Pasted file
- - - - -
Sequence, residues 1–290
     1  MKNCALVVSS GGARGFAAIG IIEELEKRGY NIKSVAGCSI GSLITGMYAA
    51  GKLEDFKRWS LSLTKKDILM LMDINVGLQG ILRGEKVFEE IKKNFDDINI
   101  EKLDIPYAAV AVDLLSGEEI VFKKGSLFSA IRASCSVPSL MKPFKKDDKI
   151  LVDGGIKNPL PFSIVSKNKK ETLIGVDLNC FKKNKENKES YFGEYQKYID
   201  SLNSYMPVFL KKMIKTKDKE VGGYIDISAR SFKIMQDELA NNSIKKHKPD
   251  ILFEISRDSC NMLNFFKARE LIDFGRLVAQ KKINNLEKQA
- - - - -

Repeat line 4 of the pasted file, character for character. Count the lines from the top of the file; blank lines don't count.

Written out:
   101  EKLDIPYAAV AVDLLSGEEI VFKKGSLFSA IRASCSVPSL MKPFKKDDKI